Turbo anyone?


  • Vivaldi Team

    Hi, We have had some questions about a "turbo" feature in Vivaldi. Turbo will compress content to speed up transfer and rendering on slower connections. All the requests have been coming from parts of the world where Internet broadband isn't as available and affordable as in other parts of the world. The question is whether to include such a feature in Vivaldi. Thoughts on this anyone? //Christian - Vivaldi Technologies


  • Moderator

    I think it will be especially valuable for mobile versions of Vivaldi - phone and tablet, etc.

    I think its need is rather reduced when it comes to the vast majority of desktop users, and I personally, for my own purposes, would rather see a more completed and polished desktop browser first, and then a mobile offering, and then turbo to round it out.

    It can be a BIG factor in adoption in less developed areas, but I don't know to what degree global adoption is a major goal for you guys. Certainly, people who are now, or still, using Opera because of bandwidth concerns would not adopt Vivaldi if they could not address those same concerns.



  • I've been on an exclusively wireless connection for almost a decade, and I used to use the Opera turbo feature frequently when my signal started to get weak. It's usually not something I need at all, but it is something I would love to have should problems arise. The fact Vivaldi lacks it is not a deal breaker for me, and never will be.

    I 100% agree with Ayespy.



  • An important question to answer would be, if it was economically reasonable. The main effort wouldn't be the feature within the software but the server infrastructure to provide this kind of service.
    Looking into the web world of today user data seems to be some kind of valuable commodity. If Vivaldi could utilize the incoming user data in the right way, 'turbo' should be considered as a possible economic basis. Then it could be a very interesting feature.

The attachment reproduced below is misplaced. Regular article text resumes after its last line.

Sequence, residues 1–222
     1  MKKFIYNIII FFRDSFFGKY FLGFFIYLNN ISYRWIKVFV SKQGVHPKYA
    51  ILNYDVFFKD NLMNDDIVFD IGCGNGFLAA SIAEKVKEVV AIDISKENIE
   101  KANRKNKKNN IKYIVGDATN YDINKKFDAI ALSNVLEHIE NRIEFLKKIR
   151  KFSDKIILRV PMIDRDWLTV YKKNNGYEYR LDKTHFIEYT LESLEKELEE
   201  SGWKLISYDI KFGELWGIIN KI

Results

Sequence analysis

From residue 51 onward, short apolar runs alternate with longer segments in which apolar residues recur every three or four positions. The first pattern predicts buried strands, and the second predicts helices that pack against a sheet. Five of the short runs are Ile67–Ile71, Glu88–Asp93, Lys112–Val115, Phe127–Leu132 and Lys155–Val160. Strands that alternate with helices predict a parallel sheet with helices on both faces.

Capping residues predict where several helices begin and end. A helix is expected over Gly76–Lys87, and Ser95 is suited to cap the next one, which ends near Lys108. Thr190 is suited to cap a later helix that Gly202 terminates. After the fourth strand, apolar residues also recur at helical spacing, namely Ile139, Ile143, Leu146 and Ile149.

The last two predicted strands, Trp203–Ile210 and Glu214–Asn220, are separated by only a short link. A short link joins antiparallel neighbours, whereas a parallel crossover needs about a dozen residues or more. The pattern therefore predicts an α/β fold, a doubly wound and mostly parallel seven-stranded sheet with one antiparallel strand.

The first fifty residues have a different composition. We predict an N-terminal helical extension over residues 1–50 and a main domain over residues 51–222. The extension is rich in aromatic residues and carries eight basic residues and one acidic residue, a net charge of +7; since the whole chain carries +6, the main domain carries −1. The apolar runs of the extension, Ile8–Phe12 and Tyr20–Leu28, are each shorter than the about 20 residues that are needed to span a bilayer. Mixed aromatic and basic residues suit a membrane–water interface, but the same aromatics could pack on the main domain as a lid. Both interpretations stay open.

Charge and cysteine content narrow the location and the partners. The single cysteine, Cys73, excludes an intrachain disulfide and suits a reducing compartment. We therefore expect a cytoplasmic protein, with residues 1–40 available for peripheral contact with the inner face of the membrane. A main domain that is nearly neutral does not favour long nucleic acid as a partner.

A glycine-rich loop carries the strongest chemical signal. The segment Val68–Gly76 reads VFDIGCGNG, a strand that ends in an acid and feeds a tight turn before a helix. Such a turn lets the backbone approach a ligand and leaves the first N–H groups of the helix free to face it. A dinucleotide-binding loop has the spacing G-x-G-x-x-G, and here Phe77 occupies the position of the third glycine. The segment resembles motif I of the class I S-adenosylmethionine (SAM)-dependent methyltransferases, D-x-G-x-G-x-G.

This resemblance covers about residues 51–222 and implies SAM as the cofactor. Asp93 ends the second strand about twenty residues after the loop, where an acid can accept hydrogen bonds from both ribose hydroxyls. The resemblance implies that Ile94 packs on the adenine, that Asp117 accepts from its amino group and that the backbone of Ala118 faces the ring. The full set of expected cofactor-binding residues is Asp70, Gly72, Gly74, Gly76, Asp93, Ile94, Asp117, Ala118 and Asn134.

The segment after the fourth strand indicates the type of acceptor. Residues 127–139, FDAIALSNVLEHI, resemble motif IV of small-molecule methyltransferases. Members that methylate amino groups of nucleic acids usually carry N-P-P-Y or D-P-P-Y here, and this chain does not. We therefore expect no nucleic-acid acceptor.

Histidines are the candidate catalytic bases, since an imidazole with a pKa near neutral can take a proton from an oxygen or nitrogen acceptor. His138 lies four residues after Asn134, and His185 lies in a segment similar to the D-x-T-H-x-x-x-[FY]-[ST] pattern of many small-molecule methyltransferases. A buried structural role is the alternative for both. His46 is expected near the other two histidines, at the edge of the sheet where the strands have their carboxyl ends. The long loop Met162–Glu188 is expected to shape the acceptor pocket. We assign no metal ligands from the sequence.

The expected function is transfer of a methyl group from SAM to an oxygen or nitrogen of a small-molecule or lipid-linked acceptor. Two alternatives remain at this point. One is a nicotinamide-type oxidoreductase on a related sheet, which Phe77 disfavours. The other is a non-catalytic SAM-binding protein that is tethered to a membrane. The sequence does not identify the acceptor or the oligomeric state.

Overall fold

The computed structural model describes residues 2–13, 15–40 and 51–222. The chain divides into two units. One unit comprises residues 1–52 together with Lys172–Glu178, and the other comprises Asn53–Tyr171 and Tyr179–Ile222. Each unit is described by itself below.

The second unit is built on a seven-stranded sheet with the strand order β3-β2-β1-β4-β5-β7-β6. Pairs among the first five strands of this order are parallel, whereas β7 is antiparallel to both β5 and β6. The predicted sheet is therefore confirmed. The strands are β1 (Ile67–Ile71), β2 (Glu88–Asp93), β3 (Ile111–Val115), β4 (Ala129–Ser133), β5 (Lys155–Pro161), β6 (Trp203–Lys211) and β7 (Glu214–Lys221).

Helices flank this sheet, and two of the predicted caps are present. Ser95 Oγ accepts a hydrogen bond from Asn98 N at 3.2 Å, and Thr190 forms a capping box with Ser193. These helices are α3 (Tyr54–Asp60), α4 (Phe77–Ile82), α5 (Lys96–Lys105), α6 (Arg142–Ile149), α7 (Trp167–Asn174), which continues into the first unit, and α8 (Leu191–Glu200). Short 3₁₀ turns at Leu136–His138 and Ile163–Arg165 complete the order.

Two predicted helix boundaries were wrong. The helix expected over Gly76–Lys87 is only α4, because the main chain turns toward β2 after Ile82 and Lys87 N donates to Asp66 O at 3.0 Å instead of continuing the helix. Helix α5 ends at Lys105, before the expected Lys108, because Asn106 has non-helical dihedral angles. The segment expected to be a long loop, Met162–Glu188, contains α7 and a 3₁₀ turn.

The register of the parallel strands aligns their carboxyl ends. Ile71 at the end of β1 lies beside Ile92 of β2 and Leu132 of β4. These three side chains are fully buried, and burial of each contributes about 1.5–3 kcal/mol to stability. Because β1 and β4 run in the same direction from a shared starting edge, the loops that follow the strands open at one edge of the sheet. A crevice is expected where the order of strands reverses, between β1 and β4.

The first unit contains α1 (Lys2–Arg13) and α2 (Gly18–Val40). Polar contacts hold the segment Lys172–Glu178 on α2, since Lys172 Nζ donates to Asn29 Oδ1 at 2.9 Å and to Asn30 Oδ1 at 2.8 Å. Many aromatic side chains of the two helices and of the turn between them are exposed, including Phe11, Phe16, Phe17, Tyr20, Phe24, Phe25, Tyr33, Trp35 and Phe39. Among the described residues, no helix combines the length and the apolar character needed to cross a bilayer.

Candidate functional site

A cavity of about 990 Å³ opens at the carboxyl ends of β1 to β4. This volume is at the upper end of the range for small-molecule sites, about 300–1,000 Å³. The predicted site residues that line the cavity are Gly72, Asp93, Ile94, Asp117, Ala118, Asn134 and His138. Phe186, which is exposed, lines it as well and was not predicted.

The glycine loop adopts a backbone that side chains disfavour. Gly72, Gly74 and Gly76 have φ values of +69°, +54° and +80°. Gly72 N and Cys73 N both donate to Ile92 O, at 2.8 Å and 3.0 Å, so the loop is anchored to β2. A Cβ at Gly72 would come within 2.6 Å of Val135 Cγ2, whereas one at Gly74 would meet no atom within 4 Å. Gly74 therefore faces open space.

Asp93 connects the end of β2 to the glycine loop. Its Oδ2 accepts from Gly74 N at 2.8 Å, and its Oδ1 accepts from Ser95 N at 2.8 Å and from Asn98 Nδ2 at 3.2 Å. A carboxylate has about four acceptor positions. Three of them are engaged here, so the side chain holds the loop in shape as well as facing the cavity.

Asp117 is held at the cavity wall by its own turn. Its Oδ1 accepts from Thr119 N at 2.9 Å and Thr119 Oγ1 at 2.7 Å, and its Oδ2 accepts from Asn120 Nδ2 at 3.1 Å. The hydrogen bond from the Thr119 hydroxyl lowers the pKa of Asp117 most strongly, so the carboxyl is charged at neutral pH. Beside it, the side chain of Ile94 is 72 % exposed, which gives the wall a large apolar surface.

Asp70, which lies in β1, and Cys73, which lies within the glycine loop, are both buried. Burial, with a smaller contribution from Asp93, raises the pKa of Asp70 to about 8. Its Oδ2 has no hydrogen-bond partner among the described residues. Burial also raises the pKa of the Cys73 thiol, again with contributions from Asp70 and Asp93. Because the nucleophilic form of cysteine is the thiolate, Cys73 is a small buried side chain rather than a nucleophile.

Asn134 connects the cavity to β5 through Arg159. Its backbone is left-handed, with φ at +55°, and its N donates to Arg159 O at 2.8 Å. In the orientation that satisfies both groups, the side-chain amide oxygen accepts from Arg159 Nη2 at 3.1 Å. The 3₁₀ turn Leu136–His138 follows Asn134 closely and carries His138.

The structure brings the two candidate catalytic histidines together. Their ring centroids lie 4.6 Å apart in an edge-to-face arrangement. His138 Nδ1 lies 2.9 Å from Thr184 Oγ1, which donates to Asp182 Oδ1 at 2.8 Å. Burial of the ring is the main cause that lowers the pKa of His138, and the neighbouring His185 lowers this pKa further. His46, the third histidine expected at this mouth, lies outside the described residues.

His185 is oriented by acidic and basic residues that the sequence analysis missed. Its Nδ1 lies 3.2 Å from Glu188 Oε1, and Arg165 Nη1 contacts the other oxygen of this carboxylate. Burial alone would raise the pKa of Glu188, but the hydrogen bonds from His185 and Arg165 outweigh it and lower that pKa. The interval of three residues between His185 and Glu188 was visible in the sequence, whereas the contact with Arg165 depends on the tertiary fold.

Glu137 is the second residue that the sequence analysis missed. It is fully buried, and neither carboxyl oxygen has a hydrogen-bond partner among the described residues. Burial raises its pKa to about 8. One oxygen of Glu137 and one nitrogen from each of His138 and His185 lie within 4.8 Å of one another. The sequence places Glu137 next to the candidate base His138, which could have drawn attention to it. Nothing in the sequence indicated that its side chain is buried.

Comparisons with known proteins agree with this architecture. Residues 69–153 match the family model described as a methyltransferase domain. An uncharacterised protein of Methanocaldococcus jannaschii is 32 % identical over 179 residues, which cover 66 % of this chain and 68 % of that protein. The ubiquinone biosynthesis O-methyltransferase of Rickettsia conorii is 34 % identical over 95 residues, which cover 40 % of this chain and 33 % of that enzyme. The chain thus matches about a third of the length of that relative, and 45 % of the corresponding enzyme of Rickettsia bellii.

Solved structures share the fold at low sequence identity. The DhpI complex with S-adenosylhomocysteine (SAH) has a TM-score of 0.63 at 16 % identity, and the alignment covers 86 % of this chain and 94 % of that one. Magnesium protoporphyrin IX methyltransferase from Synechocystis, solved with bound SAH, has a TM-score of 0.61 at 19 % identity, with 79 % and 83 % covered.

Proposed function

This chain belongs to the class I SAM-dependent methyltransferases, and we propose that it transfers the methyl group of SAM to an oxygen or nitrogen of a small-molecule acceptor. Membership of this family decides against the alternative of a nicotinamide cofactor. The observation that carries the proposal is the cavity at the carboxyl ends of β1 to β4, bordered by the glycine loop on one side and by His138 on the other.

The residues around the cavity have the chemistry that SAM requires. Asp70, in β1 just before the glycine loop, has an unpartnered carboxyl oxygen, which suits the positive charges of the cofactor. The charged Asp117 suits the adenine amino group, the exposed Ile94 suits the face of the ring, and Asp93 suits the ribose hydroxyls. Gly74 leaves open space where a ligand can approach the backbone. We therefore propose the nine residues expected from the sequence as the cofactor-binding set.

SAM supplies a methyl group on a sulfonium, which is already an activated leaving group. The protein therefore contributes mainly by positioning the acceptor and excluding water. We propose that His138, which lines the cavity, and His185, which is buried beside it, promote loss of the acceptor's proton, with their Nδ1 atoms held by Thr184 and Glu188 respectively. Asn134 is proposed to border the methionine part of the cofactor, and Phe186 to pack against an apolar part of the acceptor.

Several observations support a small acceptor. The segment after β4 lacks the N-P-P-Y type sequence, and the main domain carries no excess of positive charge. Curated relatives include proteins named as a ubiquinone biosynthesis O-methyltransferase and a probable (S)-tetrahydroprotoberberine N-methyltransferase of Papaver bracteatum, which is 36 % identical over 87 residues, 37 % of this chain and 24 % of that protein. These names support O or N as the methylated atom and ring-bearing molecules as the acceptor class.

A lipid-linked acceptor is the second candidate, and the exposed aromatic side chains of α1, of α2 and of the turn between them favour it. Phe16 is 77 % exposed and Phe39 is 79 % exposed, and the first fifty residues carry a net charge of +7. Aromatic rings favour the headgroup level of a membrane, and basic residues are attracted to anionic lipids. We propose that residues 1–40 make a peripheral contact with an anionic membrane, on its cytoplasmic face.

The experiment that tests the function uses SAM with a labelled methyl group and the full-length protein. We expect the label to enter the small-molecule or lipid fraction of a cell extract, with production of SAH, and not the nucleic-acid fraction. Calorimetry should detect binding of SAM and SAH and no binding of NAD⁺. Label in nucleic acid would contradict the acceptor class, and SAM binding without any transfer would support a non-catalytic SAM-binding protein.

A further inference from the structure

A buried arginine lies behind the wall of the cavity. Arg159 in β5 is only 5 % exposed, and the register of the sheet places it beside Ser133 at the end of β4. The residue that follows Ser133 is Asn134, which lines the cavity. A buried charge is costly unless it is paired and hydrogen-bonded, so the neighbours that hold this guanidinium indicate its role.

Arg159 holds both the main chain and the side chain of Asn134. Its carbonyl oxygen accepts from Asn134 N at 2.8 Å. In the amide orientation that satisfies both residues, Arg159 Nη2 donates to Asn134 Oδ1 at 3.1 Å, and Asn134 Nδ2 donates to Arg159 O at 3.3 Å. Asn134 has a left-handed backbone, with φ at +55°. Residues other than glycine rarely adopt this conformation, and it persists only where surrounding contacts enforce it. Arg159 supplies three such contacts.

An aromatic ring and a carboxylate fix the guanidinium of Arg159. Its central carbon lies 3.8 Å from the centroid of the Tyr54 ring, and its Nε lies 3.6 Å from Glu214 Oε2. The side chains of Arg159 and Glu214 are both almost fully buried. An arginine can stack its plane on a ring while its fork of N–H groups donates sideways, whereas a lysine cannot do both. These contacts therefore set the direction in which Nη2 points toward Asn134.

• The turbo function is a must have.

    I started to use the compression in 2002 or so, when my cellular connection was around 4/6KB/s (1/3 - 1/4) of a landline connection, and that made my browsing faster than the one of wired people.

    Years later, Opera Turbo was more than welcome.

    Nowadays the world is plenty of people on metered connections, it's still plenty of areas reached just by 2G cellular cells, and even of rural areas where the ADSL is slow as it was in the early 2000s.



  • The more choice for people, the better. Implement it please :D



  • I agree with what some others have said. It's a nice feature, but less high-priority for desktop, and I imagine the server resources required would be significant.


  • Moderator

    Both server resources and bandwidth cost for not only Turbo, but Sync as well, would be non-trivial. This is one of the reasons I personally decline to push for these upgrades. If/when the browser is paying for itself, I think these are some of the earliest features that ought to be brought on line. Prior to that, I think resources are most wisely spent making the browser itself so attractive that few can resist its gravitational pull.